The widows of two Redcaps murdered in Iraq have received secret payments of £200,000 each from the Ministry of Defence, it was revealed yesterday.
Corporals Russell Aston, 30, and Paul Long, 24, were among six Royal Military Police officers killed by a mob in the town of Majar al-Kabir in June 2003.
Along with Sgt Simon Hamilton-Jewell, 41, Cpl Simon Miller, 21, L/Cpl Benjamin Hyde, 23, and L/Cpl Thomas Keys, 20, the men were shot after becoming cornered in a police station.
The men's families have accused the Ministry of Defence of sending the men into a "powder keg" situation without adequate communications equipment or ammunition.
It was reported yesterday that widows Anna Aston and Gemma Long have now received payouts, but relatives of the other victims have yet to see any compensation.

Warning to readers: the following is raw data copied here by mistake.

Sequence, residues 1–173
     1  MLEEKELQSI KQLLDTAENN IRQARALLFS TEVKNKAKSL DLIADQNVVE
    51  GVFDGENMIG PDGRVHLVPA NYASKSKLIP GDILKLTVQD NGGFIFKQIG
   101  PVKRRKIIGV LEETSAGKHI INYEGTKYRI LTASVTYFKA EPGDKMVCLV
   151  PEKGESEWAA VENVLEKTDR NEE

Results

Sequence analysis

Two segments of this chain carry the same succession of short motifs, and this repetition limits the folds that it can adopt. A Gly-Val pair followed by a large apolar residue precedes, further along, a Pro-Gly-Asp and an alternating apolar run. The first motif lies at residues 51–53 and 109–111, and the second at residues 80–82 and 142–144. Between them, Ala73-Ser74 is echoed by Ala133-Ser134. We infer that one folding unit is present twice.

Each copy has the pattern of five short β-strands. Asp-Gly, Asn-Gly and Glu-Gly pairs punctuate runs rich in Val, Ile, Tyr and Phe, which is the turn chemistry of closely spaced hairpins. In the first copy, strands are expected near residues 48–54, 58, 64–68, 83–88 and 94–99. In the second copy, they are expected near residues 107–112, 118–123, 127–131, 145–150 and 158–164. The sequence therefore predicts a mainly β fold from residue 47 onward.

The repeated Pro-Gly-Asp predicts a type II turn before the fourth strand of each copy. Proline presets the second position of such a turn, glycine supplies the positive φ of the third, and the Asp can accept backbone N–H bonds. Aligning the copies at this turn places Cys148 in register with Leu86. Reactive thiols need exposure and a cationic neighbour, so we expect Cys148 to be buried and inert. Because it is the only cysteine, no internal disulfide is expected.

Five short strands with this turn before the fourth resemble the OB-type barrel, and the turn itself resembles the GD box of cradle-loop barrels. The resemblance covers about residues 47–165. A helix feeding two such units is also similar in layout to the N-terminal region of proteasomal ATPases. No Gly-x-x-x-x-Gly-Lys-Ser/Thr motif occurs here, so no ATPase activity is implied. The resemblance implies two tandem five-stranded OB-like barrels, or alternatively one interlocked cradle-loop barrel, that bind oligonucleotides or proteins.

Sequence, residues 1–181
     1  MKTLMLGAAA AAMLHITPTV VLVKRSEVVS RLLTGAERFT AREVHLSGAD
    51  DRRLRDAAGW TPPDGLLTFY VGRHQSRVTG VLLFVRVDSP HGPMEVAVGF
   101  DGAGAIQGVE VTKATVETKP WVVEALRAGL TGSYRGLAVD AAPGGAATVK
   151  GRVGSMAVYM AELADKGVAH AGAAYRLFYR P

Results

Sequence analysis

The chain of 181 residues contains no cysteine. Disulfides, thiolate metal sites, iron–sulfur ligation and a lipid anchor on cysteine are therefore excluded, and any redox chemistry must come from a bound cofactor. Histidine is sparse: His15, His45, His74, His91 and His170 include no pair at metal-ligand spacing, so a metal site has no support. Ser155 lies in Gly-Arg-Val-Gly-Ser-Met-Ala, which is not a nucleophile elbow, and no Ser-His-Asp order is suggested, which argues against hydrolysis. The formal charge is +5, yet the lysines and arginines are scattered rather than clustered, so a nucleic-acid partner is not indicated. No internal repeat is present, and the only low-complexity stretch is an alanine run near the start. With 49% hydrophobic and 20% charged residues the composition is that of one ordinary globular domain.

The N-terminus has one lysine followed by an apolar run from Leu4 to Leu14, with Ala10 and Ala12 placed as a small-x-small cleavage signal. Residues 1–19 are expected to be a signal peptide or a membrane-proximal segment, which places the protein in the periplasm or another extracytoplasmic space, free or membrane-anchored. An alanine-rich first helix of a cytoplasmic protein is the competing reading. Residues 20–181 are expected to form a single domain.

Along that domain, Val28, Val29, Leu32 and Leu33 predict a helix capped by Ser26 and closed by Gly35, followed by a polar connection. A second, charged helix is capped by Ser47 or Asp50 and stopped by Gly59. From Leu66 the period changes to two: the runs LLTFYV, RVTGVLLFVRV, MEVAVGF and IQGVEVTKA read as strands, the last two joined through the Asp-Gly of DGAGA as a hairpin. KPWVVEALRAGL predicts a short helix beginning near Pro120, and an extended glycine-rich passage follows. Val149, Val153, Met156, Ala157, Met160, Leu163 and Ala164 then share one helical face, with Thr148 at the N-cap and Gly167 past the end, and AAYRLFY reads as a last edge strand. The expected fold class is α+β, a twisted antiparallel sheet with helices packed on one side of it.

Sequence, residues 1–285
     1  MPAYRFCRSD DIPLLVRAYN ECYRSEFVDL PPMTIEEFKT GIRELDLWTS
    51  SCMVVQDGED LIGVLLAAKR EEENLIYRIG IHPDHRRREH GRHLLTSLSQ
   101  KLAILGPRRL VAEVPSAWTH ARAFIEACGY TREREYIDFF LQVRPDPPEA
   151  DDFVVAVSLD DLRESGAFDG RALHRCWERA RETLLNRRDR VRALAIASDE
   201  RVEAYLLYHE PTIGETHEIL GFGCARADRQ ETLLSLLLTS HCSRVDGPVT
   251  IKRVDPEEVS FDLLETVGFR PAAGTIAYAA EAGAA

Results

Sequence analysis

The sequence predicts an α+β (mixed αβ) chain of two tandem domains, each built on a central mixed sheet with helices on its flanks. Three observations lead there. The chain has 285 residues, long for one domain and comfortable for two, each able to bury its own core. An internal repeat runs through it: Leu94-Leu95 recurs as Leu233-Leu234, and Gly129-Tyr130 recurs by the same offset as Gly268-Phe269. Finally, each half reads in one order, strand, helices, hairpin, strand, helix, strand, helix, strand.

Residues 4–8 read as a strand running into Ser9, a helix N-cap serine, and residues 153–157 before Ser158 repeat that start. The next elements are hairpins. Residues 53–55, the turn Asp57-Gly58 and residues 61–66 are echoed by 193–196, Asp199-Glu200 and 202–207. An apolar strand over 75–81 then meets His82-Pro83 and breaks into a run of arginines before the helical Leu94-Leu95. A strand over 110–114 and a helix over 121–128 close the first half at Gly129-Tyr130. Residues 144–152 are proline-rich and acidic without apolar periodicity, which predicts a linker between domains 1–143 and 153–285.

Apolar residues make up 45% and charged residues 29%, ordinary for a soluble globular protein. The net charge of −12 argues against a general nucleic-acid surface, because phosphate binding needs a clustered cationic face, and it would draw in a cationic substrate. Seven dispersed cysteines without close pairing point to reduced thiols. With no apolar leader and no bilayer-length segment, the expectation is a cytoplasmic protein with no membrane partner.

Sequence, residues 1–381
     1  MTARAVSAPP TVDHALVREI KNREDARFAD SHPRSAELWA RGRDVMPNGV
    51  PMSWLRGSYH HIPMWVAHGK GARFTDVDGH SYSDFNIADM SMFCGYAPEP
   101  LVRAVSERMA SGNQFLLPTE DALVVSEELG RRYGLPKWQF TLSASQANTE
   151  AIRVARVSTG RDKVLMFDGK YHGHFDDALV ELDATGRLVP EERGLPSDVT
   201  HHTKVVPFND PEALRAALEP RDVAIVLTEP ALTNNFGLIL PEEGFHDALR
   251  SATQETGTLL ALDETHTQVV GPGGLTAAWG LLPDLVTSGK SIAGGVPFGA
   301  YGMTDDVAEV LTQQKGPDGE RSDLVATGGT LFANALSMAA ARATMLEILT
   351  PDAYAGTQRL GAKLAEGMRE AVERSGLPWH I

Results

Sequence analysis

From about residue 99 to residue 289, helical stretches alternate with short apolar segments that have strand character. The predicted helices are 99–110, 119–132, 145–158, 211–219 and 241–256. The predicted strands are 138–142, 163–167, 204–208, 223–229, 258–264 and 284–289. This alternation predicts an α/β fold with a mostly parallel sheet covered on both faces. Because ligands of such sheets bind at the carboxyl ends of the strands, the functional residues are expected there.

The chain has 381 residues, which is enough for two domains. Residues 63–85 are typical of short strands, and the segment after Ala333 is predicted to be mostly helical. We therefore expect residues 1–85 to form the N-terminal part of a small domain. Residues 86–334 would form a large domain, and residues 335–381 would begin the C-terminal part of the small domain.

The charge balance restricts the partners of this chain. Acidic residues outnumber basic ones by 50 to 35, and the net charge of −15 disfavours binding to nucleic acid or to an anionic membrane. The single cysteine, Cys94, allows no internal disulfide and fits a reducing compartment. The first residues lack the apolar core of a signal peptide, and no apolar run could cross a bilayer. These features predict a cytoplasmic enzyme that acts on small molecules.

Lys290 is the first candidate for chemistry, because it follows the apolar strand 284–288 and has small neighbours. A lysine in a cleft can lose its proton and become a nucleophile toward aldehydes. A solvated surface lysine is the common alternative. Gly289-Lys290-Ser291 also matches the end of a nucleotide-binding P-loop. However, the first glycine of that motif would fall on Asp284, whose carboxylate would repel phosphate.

Cpl Long's mother Pat said: "For me, it's not about money. It shows they are admitting liability but why don't they tell us the truth?"
Cpl Aston's father Mike said he welcomed the payments as a sign the Ministry of Defence was "accepting responsibility" for what happened. He, Reg Keys and John Miller have fought to get certain Army officers court martialed, but have been told by the Ministry of Defence that there will be no prosecutions.
They have now taken their case to the Attorney General to ask him to consider criminal proceedings.
Mr Aston said: "The fact that the Ministry of Defence has now paid out suggests it is accepting responsibility and that can only do our case some good."
An inquest this March into the men's deaths heard they had left their base at Al Amarah without satellite telephones and only 50 rounds of ammunition each.Reuse content